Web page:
Pilgrimage III - Out of Element

I was aware of my Scottishness
in Whitby, among the sleek
quiet sisters and their smooth
upper-class vowels.

I was aware of my rock and
crag gutterals, the sea-salted
skin, the Glasgow grime
in my voice, as I was praying.

I kneeled though, where they
did not, my pride abased
before a beautiful cross, where
they, in their smooth grey way

inclined their heads a trifle
as they moved away.  I ken
not their day, their footering,
as one said, and only saw

them in chapel when they came.
Twisted, and large, small, and
slim, lumbering, quick-footed,
awkwardly bent and with 

a stick.  I watched them
arrive and leave from my
visitorís pew.  I said my 
own words of pain, of the

far and the few, the gone
and alone, the cord cutting
and the drifting in suffering.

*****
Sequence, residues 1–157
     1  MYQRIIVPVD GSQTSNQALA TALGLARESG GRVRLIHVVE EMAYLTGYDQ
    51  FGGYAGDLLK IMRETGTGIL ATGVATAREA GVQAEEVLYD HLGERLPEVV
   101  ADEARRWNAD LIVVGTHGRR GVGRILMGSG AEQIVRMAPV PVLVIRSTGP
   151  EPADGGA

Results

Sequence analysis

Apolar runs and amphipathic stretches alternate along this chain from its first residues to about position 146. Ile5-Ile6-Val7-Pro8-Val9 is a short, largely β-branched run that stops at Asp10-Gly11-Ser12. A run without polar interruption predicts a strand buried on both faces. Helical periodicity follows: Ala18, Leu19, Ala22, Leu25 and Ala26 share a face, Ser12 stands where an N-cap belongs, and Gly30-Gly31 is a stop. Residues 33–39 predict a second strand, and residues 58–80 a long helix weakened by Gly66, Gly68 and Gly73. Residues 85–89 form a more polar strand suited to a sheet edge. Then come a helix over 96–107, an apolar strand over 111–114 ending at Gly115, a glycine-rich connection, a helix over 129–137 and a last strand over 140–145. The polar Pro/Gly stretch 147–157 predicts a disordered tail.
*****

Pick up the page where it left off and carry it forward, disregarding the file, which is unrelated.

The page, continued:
I doubt they knew my

concrete ways, my darknesses,
but I sat with them
and listened to their
singing, the long English

tones floating and echoing
the soft throats of women.
My hearty host, a tall
Sturdy nun, politely

welcomed me, and saw
me leave, invited me back
again.  Their silver crosses
gleamed, and the Hild banner

depicted my life too: the
standing woman.  I
envied them even as I
gulped, gratefully, the crisp

morning air in October as I
made my way towards the
trains, my northern life
and the arms of my man.
Holy City
Return to Collections all
next poem